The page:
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Resistance of a hollow sphere


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A hollow sphere with an inner radius r=1 um, and an outer radius R=1 cm is made from copper. A current flows radially; for example, from inside toward outside. Find the resistance of the sphere. The resistivity of copper is p=1.7 * 10^-8

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I'm wondering how you get connections to both the inside and outside without making a hole in the hollow sphere. This hole will reduce the amount of copper used and its size and shape will have a small bearing on your answer (assuming the hole is small).

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Don't make up a new problem to solve. Work with the task at hand. The problem statement does not require you to figure out how current reaches the inner surface. Focus on Swansont's question and derive a formula based on the relationship and geometry.

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Well we are given the equation, R = rho*(L/A). Resistance = Resistivity*(Length/Area). In the examples from our book, the length represents the length of a cylindrical object. This is where I am getting stuck. How would I relate the length to a spherical object?

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Well we are given the equation, R = rho*(L/A). Resistance = Resistivity*(Length/Area). In the examples from our book, the length represents the length of a cylindrical object. This is where I am getting stuck. How would I relate the length to a spherical object?

 

You can view the sphere as having an area, and the length is the distance the current travels. In this case, the area is not constant, which is why this is a more difficult question.

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I suppose it is ok to give a few more hints. The magic term here is: integration. Cut your object into small pieces that you can handle, let the pieces be really tiny (leetspeak-term: infinitesimal), possibly make some approximations, then put the pieces together to form your structure (which is where adding up contribution from different pieces comes in - note that an integration is just a limit of a summation when the pieces become tiny).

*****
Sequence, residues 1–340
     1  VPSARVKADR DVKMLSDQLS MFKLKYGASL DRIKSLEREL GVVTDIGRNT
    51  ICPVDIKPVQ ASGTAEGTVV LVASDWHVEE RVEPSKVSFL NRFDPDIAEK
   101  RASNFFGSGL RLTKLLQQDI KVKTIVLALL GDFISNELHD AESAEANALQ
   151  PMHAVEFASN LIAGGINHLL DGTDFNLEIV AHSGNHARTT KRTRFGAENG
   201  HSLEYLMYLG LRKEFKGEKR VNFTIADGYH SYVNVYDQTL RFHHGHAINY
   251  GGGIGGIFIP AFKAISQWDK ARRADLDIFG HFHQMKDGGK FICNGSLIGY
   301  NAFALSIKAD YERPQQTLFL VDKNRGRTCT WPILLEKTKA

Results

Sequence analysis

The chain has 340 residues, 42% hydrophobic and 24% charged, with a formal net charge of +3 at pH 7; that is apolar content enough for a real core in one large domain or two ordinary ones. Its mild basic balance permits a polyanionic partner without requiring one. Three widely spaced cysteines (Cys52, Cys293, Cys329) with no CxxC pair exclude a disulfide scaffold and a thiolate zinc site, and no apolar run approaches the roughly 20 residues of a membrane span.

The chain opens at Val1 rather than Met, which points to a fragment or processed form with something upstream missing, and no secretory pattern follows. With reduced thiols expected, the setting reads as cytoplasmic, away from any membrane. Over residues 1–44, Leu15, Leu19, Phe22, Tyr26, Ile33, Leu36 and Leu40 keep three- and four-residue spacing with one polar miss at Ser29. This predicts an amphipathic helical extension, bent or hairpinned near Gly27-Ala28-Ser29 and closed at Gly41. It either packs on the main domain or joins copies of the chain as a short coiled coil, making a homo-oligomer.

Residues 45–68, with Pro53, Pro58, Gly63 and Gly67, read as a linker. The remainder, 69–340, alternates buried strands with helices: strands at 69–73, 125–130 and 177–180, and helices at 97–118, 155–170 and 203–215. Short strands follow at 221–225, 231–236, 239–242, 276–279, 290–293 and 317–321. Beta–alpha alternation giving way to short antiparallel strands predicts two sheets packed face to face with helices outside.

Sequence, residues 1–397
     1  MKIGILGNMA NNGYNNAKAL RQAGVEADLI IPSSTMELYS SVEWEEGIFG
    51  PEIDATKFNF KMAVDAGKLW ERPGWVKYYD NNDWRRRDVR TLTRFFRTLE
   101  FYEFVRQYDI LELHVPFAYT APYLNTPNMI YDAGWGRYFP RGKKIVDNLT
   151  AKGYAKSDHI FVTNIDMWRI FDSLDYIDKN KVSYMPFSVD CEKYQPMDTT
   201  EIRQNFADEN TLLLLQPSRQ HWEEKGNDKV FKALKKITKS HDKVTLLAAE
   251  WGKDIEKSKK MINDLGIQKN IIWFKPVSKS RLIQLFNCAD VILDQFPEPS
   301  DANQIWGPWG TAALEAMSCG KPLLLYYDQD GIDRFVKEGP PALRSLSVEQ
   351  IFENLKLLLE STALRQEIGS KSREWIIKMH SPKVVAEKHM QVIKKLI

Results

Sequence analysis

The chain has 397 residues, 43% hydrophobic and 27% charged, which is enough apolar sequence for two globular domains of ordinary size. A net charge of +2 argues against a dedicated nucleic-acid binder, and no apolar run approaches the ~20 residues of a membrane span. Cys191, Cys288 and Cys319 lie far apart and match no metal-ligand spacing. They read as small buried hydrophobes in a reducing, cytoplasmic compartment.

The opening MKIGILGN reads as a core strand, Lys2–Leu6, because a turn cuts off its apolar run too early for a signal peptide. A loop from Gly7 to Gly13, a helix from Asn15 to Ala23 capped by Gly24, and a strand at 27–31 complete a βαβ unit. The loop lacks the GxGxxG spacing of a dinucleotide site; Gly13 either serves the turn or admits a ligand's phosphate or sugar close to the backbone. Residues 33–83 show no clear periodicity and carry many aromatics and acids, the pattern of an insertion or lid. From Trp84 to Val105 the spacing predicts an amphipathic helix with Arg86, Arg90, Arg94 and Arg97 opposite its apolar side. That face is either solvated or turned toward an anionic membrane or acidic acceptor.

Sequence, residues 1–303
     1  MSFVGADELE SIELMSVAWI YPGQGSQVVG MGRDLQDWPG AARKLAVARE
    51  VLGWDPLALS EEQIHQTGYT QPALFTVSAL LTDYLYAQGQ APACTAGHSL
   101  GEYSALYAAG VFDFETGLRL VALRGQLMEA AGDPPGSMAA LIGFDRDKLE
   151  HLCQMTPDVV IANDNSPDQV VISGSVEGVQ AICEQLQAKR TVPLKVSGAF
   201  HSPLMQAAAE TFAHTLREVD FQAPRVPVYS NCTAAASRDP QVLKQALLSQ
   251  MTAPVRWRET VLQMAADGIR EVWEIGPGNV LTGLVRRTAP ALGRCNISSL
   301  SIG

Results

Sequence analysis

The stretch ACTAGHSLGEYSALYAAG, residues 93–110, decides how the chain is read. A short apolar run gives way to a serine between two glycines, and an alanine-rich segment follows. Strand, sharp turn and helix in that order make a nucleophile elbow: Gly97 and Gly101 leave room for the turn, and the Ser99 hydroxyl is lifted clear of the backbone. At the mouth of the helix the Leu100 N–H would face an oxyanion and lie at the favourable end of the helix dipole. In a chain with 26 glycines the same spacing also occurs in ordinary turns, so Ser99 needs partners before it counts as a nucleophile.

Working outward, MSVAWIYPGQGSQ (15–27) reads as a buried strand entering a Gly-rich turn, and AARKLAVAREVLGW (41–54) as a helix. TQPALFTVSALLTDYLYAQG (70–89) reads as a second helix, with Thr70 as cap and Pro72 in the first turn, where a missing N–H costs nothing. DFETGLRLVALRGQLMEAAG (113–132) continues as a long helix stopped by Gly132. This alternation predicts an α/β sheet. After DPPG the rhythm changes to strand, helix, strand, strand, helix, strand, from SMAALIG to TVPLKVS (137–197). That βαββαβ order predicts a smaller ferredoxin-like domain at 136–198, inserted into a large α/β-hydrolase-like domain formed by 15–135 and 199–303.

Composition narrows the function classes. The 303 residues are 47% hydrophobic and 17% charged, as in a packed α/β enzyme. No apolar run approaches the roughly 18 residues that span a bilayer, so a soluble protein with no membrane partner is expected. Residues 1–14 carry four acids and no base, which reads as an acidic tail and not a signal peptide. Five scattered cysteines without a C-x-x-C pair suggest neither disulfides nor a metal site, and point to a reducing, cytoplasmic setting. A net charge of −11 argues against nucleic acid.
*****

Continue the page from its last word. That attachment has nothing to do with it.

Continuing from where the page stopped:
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Indeed. If you consider the current flowing from the inside to the outside, you can consider the inside surface of the conducting sphere to be the area of your conductor. It travels a given length until it reaches the outside. But the area changes as it does so, so integration will be required.

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Okay, this is what I have gotten so far..

 

J=I/A and rho = E/J

So E=rho *(I/4*pi*r^2)

To get the resistance, I'll take the integral of E

 

R = rho * integral of (1/4*pi*r^2)dr

= rho * 1/4pi * ((10^-6)-(10^-2))

= 1.35*10^-11

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Both of you are probably correct, so you wanna check your units. I converted all length units to meters, which gave me: [math] 1.353\times10^{-7} [/math].

 

I think it is easier to go with this logic (since you have pretty much came to the conclusion). First realize what L is: [math] 1cm - 1 \mu m [/math] and then find the area. Since it's a hollow sphere, its area changes with distance, r, but r is just the length so [math] R = \rho*(\frac{L}{4*\pi*r^2}) [/math] and then since [math] r = L [/math] [math] \Rightarrow R = \rho*(\frac{1}{4*\pi*L}) [/math]

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I'm not sure what I am doing wrong but I keep getting 10^-11.

 

I can see what you're doing wrong, but not whether darkenlighten or I am correct...

 

You did this:

 

[math]R = \rho \times \frac{1}{4\pi} (10^{-6}-10^{-2})[/math]

 

But the expression you wanted to integrate was